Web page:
We rely on computers to fly our planes, find our cancers, design our buildings, audit our businesses. That's all well and good. But what happens when the computer fails?
by Nicholas Carr
"Whether it’s a pilot on a flight deck, a doctor in an examination room, or an Inuit hunter on an ice floe, knowing demands doing. One of the most remarkable things about us is also one of the easiest to overlook: each time we collide with the real, we deepen our understanding of the world and become more fully a part of it. While we’re wrestling with a difficult task, we may be motivated by an anticipation of the ends of our labor, but it’s the work itself—the means—that makes us who we are. Computer automation severs the ends from the means. It makes getting what we want easier, but it distances us from the work of knowing. As we transform ourselves into creatures of the screen, we face an existential question: Does our essence still lie in what we know, or are we now content to be defined by what we want? If we don’t grapple with that question ourselves, our gadgets will be happy to answer it for us."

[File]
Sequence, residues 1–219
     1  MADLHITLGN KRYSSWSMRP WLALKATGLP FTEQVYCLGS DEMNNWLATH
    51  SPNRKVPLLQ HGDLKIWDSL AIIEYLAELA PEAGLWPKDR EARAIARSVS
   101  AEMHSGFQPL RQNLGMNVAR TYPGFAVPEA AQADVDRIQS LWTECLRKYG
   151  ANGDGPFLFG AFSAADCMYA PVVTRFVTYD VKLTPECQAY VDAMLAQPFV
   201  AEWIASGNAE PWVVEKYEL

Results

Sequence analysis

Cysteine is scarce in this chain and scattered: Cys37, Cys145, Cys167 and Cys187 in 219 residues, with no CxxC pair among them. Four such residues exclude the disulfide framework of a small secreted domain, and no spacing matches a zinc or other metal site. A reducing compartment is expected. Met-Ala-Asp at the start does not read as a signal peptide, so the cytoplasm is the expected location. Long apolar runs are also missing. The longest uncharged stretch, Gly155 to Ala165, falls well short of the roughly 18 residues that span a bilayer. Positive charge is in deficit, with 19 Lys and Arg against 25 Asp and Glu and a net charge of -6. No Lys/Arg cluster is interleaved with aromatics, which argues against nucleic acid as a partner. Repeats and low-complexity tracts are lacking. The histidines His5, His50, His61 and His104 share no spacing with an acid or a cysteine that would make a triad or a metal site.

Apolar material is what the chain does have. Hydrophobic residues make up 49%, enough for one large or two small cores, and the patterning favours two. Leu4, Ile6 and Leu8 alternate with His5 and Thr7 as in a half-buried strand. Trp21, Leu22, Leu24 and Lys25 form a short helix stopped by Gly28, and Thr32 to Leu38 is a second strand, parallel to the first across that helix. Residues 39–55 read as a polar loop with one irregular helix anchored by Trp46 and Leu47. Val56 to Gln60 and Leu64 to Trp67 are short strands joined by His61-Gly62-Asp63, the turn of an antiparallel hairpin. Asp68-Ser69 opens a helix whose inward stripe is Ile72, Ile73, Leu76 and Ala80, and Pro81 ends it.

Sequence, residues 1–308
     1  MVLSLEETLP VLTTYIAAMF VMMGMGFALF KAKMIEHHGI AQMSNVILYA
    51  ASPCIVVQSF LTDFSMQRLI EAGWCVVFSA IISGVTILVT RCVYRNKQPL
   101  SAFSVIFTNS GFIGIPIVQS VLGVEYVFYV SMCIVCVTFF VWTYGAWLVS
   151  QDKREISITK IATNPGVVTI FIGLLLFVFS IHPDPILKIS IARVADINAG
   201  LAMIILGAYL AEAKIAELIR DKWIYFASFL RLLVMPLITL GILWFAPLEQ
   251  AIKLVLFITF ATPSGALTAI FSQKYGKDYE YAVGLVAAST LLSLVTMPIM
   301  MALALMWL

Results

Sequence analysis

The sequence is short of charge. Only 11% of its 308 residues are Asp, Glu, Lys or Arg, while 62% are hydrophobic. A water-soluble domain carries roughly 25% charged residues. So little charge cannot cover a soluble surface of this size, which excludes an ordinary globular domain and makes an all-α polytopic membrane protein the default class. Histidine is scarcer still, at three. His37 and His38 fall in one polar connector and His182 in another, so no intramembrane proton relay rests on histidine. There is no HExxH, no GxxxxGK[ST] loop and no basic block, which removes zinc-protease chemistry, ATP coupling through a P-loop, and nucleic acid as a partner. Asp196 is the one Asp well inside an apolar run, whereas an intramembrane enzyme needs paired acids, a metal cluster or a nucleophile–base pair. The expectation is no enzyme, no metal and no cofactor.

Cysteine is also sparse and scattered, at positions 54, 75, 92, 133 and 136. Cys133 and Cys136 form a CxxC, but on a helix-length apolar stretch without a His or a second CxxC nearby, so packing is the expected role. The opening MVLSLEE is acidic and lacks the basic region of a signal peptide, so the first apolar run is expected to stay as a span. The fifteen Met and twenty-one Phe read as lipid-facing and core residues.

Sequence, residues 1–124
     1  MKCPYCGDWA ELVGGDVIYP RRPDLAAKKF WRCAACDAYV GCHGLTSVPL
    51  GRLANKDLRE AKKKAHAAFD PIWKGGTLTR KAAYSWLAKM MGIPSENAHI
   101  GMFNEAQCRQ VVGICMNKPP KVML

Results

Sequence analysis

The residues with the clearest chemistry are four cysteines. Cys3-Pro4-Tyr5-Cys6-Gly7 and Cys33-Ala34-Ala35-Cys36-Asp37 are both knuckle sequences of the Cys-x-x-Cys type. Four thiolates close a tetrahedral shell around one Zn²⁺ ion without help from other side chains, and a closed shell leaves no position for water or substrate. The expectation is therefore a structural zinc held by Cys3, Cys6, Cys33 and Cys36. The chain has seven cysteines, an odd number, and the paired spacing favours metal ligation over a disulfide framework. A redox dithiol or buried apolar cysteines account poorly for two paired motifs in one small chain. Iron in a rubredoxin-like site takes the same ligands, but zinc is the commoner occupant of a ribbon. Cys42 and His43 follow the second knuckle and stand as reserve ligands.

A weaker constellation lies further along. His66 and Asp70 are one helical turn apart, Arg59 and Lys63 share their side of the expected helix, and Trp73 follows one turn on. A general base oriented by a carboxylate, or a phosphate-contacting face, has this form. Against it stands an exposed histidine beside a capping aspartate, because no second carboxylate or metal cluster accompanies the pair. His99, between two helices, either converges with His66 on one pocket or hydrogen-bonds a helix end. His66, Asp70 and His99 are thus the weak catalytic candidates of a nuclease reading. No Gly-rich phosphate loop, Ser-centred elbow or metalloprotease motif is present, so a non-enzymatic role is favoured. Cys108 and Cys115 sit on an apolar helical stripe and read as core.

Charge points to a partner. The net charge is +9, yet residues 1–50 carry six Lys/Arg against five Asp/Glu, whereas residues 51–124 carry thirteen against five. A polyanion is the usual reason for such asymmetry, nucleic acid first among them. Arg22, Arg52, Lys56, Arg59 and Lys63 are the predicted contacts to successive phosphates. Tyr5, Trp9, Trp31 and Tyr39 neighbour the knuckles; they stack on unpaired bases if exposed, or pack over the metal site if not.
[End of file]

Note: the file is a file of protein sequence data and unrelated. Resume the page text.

Jim Lerman's insight:
Carr made a name for himself with his rather famous. but perhaps a bit overstated piece in The Atlantic in 2008, "Is Google Making Us Stupid?" Now, 5 years later, this article is more nuanced, better documented, and provides more entertaining and enlightening narratives. He certainly seems to have learned a thing or two about storytelling from the likes of Malcolm Gladwell.
This article could perhaps be called, "Can technology de-skill us and make us lazy?" The answer to that question is most probably yes. How do we stay lean, hungry, and engaged when it can be so easy to become heavy, insatiable, and continuously, partially attentive? Carr makes a good point.
via Larry Ferlazzo